Demand For Popular Short-Term Insurance Plans Could Surge If Health Law Is Relaxed

Short-term health plans have been around for decades, bridging coverage gaps for people who are between jobs or have recently graduated from school, among other things. After the health law passed, some people gravitated toward them because they were willing to trade comprehensive coverage for a cheaper sticker price — even if it meant paying a tax penalty for not having the comprehensive coverage required in the law. Sales increased.

Now, as Republicans look for ways to weaken the health law’s coverage requirements and explore the possibility of not enforcing the requirement that people have health insurance, short-term plans may be poised to grow even more. If that happens, consumer advocates warn it could be bad for consumers.

Trump pushes drugmakers for lower prices, more U.S. production

By Roberta Rampton and Deena Beasley

U.S. President Donald Trump on Tuesday met with top executives from some of the biggest drugmakers, calling on them to boost U.S. production and lower prices, while he also promised to speed up approval times for new medicines.

Trump reiterated that the government was paying too much for medicines in its health programs for older, disabled and poor people and said he would soon appoint a new U.S. Food and Drug Administration leader.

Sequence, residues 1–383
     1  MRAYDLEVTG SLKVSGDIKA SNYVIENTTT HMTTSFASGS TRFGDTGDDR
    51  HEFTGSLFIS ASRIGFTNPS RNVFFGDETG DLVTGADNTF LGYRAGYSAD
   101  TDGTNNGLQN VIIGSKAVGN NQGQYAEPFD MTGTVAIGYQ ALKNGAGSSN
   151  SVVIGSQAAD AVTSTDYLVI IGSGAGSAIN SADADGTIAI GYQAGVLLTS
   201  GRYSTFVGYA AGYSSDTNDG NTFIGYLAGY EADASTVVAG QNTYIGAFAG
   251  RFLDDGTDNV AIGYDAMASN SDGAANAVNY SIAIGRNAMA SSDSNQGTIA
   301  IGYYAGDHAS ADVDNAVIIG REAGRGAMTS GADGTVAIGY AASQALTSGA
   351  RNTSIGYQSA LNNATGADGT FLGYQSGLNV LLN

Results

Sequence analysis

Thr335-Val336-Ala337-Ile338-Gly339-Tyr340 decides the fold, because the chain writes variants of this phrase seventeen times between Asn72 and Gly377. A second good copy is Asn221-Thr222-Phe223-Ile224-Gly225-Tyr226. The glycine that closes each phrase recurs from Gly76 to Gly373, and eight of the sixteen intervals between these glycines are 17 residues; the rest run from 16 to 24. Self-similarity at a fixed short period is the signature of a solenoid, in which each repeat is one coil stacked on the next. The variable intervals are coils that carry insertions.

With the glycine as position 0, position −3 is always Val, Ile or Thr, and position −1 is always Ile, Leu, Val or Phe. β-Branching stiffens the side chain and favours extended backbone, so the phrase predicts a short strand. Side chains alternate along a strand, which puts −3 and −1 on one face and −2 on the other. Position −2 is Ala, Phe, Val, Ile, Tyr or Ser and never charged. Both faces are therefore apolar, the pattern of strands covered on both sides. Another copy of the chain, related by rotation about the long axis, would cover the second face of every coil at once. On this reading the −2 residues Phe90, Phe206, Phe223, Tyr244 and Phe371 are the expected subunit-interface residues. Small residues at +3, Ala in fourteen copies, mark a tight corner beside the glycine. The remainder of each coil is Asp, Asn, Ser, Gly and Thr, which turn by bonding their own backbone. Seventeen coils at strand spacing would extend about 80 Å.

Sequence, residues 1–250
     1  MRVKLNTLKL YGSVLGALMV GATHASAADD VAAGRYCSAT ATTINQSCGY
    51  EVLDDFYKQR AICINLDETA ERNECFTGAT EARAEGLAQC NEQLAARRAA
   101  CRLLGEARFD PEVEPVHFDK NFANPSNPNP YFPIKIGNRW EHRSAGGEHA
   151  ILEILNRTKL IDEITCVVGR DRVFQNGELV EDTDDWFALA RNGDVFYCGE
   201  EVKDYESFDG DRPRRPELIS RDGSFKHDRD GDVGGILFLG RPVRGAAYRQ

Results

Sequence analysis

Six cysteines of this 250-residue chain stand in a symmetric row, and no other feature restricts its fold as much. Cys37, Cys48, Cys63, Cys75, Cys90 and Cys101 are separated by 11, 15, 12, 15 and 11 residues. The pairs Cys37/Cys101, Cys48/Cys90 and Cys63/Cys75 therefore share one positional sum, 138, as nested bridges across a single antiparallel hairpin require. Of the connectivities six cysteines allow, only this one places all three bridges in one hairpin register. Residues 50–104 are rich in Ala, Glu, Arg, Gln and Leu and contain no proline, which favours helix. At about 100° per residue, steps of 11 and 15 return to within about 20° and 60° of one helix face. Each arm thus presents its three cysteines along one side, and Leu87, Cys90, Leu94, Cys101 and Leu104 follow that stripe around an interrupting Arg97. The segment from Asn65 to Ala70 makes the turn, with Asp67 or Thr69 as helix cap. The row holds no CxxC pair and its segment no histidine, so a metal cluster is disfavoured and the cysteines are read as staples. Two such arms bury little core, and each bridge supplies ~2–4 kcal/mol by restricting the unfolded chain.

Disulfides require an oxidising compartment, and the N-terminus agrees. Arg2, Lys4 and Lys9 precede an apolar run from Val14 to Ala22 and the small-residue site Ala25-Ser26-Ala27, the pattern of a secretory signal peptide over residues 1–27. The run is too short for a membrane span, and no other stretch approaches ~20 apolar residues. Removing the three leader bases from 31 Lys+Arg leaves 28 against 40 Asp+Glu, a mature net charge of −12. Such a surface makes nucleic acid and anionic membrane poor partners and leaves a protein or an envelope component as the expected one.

Cambodia reports outbreak of H5N1 bird flu in southeast

Cambodia has reported an outbreak of the highly pathogenic H5N1 bird flu virus among backyard poultry in the southeastern part of the country, the World Organisation for Animal Health (OIE) said on Tuesday.

The virus was found in chickens in the region of Svay Rieng last week, killing 68 birds and leading to the destruction of 322 others, the Cambodian farm ministry said in a statement posted on the OIE website.

(Reporting by Sybille de La Hamaide. Editing by Jane Merriman)


'Mental Flossing' May Cut Cognitive Risk in Elderly

Action Points

  • Engaging in mentally stimulating activities even in late life may be protective against new-onset mild cognitive impairment (MCI), according to a prospective observational study.
  • Note that the associations of mentally stimulating activities with risk of MCI may vary according to carrier status of APOE ε4, a genotype that is a well-known risk factor for MCI and Alzheimer Disease.

Mentally stimulating activities may diminish the risk of mild cognitive impairment (MCI) in older people — even in apolipoprotein E ε4 (APOE4) carriers, researchers found.

Paracardial Fat a CV Risk Factor in Older Women

Action Points

  • Note that this observational study suggests that paracardial fat is linked to coronary artery calcification among postmenopausal women.
  • The relationship is not as strong in pre-menopausal women however, suggesting a role for estrogen in paracardial fat deposition.

Among postmenopausal women and women with low estrogen levels, high volumes of paracardial adipose tissue (PAT) were associated with an increased risk for cardiovascular disease, researchers reported.

The presence of coronary artery calcification (CAC) among postmenopausal women was significantly associated with greater amounts of PAT, the fat surrounding the parietal pericardium of the heart (per 1 SD unit greater in Log PAT) (OR 2.02, 95% CI, 1.02-3.99; P=0.04), according to Samar R. El Khoudary, PhD, MPH, of the Epidemiology Data Center at the University of Pittsburgh and colleagues.